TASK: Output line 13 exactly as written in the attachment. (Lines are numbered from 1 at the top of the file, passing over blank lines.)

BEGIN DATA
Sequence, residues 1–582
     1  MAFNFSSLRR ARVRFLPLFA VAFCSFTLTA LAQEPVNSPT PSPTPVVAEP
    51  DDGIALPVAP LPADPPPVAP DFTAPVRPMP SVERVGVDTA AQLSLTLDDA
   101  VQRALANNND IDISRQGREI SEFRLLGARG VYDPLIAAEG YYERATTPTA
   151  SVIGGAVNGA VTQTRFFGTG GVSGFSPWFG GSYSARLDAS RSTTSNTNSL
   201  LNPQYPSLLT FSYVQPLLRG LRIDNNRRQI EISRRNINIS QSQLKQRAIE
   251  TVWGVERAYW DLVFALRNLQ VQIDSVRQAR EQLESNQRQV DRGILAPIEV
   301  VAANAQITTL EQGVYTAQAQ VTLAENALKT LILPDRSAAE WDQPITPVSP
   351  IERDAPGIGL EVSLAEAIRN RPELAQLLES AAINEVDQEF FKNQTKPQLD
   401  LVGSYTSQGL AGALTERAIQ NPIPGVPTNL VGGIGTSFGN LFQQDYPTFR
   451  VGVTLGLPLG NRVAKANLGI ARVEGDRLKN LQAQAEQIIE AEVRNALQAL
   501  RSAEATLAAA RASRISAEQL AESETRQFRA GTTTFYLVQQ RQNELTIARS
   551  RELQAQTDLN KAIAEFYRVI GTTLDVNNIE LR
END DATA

   551  RELQAQTDLN KAIAEFYRVI GTTLDVNNIE LR